What helped copper prices cover lost ground

By Yash Sawant

The recovery story of copper has been eye catching as the red metal made up all the lost ground on strong fundamentals.

Despite the shackled global economy, copper, often used to gauge the health of the overall economy, climbed about 50 per cent on the LME in the past months after hitting its lowest in more than four years in March’20. (CMP: LME Copper: Rs 6,435)

The impressive bull run was majorly supported by three pillars: stellar recovery in China’s economy, mounting strains on supply from key producers and massive stimulus programmes by global central banks.

The demand engine: China
Copper clawed its way back in the second quarter of 2020 as China’s economy began to revive from the pandemic triggered slowdown. Halt in China’s manufacturing activity reflecting the Covid-19 led lockdowns pushed the copper prices lower in early months of 2020.

While China’s economy gradually recovered from the pandemic, the virus branched out to over 200 nations hampering the global economic growth. Most countries announced a nationwide lockdown in an attempt to combat the lethal virus breakout destructing the demand for copper and other industrial metals. However, robust growth in China’s industrial and service sector underpinned copper prices.

China’s factory activities improved for the fifth consecutive month in July’20 despite the resurgence of coronavirus and disruptive flooding. China’s official manufacturing PMI rose to 51.1 in July’20 from 50.9 in June’20 beating the market expectation of 50.7.

The bullish trend in the red metal was further supported by China’s scrap import quotas. Copper scrap accounts for a huge chunk of the global copper market. Due to strict norms on scrap imports by the largest scrap buyer (first introduced in 2018), global scrap trade flows witnessed a significant plunge. The fragile global scrap supply chain was further disrupted by the pandemic, which raised worries of a possible deficit in the global copper market.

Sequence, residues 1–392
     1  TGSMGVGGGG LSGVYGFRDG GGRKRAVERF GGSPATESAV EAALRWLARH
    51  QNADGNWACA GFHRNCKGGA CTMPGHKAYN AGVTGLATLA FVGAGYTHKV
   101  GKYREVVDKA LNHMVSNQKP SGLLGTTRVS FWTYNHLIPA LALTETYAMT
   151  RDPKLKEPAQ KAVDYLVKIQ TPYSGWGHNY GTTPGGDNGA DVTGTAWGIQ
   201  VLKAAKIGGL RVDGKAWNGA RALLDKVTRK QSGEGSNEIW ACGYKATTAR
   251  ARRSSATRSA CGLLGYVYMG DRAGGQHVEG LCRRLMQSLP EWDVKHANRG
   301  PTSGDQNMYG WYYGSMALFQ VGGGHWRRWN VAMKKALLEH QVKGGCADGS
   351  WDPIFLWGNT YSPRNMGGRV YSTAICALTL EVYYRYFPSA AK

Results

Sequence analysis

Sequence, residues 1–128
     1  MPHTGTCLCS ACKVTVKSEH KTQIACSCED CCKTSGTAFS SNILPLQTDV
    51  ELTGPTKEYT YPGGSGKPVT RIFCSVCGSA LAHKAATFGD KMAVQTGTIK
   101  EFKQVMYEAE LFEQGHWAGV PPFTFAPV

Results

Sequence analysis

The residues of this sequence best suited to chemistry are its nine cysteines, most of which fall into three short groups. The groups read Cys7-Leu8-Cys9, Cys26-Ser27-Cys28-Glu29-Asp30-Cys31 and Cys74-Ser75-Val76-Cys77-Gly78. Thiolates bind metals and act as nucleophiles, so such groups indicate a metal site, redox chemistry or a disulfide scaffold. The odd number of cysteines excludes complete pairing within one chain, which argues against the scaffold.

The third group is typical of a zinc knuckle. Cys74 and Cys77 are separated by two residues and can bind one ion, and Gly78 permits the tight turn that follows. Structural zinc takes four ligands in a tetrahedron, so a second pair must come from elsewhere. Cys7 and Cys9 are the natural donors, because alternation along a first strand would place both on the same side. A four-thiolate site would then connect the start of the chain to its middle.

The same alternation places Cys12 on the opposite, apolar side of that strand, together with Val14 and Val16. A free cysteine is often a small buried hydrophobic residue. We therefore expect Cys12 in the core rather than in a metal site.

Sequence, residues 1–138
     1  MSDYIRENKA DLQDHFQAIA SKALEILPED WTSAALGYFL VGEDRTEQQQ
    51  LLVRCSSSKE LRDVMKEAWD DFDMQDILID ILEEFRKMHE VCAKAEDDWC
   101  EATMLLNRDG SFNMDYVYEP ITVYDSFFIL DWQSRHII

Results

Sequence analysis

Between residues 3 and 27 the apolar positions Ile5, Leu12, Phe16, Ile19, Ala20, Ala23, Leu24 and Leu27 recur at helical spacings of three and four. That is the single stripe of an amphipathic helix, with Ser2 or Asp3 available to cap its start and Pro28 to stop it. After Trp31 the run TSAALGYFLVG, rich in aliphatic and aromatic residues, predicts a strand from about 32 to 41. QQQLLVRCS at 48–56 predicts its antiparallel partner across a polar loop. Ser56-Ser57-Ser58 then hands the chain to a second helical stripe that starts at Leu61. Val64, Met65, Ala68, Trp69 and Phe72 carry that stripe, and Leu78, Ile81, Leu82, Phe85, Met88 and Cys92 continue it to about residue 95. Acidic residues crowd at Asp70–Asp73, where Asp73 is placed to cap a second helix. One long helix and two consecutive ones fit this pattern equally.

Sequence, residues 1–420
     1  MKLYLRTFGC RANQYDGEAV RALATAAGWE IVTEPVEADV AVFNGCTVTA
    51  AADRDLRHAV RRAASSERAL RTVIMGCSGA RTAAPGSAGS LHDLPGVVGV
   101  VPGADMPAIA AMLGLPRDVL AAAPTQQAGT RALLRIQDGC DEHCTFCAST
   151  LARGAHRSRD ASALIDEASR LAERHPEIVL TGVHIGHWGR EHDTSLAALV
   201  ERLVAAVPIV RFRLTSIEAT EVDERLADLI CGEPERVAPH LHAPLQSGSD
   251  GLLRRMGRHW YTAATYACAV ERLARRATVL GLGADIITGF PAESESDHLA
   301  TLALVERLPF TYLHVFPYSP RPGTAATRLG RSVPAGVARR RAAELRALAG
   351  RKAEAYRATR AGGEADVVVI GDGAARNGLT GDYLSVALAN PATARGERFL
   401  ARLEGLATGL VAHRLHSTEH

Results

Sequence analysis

Tension reignites
Stimulus measures by global central banks amid gradual recovery in China’s economy kept industrial metal prices elevated, but bleak global demand and mounting concerns over the US and China relations undermined the industrial metals.

Relations between the world’s biggest economies the US and China worsened at an alarming rate in 2020. From issues over China’s handling of the coronavirus outbreak to its imposition of a new security law that curbs the rights of Hong Kong citizens, tension escalated between the superpower nations.

Situations further worsened after the US ordered China to shut its consulate located in Houston to protect American intellectual property and private information. The move by the US was a severe blow on the diplomatic ties between both the nations. China retaliated by ordering the US to close its consulate located in the southwestern city of Chengdu.

Major central banks infusing massive stimulus packages to counter the economic fallout caused by the pandemic and stellar recovery in China’s economy are the prime reasons behind rising industrial metal prices.

However, resurgence of the lethal virus and intensifying tension between the US and China might hamper the outlook for copper and other industrial metals.

Moreover, easing of supply disruptions in Chile and Peru, key copper producing nations, might further pressurize the red metal prices.

Considering the solid growth in demand from China and revival in the manufacturing sectors of major economies like the US and Eurozone, we expect Copper prices to trade higher towards Rs 530 per kg in a months’ time (CMP: Rs.513).

Yash Sawant is Research Associate, Angel Broking Ltd.